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The Jeffersonian cyclopedia;

a comprehensive collection of the views of Thomas Jefferson classified and arranged in alphabetical order under nine thousand titles relating to government, politics, law, education, political economy, finance, science, art, literature, religious freedom, morals, etc.;

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2657. ENGLAND, Loss of America.—
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2657. ENGLAND, Loss of America.—

The object of the present ministry is to buoy
up the nation with flattering calculations of
their present prosperity, and to make them
believe they are better without us than with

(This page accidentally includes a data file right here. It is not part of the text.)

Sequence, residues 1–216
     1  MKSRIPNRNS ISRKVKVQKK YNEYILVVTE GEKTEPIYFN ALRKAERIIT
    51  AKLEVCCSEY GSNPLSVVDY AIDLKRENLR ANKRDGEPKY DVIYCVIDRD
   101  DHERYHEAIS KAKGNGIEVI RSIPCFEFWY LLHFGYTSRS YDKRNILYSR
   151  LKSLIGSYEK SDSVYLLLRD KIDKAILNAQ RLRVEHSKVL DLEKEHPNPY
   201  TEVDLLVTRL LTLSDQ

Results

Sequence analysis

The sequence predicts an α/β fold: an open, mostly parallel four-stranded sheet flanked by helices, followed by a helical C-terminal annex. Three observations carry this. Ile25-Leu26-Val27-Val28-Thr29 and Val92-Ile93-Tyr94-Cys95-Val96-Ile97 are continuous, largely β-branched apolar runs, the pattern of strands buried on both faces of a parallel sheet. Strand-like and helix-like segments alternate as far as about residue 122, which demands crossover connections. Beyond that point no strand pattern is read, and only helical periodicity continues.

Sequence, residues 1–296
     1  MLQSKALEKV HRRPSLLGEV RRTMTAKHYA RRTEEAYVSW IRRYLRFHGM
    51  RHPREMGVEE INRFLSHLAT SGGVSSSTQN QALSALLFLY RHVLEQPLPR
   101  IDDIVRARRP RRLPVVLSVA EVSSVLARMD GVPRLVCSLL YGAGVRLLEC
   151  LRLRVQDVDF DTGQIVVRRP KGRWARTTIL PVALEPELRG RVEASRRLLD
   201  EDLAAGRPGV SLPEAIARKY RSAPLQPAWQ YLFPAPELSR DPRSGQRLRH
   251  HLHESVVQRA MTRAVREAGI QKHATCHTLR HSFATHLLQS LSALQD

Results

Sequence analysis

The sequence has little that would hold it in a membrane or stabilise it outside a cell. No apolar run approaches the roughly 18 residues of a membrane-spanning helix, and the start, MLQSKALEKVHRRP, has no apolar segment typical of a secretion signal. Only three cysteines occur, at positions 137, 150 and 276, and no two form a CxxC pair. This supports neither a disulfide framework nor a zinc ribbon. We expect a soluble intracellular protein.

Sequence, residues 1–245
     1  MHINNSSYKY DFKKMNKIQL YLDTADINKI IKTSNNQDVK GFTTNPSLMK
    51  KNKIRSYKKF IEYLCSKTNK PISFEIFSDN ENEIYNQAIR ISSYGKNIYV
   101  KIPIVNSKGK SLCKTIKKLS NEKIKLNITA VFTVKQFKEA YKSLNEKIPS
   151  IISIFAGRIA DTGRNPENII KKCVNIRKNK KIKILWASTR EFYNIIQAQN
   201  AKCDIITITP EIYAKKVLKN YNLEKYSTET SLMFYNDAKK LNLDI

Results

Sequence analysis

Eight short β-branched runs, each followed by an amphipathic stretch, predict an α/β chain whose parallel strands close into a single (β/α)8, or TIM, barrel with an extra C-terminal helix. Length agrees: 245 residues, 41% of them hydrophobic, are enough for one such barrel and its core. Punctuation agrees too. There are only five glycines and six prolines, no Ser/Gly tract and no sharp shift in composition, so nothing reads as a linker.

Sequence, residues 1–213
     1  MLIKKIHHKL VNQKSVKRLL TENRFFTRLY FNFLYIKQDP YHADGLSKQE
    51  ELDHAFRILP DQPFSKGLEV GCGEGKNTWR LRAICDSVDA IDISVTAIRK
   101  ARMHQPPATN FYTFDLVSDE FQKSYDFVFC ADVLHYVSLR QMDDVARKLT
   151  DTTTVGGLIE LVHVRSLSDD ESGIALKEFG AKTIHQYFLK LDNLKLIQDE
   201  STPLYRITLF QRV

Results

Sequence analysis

us. This they seriously believe: for what
is it men cannot be made to believe! * * * The other day * * * a General Clark, a
Scotchman and ministerialist * * * introduced
the subject of American affairs, and
in the course of the conversation told me that
were America to petition Parliament to be
again received on their former footing, the
petition would be very generally rejected.
He was serious in this, and I think it * * * is the sentiment perhaps of the nation. In
this they are wise, but for a foolish reason.
They think they lost more by suffering us
to participate of their commercial privileges,
at home and abroad, than they lose by our political
severance. The true reason, however,
why such an application should be rejected
is. that in a very short time, we should oblige
them to add another hundred millions to their
debt in unsuccessful attempts to retain the
subjection offered to them. They are at present
in a frenzy, and will not be recovered
from it till they shall have leaped the precipice
they are now so boldly advancing to.—
To Richard Henry Lee. Washington ed. i, 541. Ford ed., iv, 207.
(L. 1786)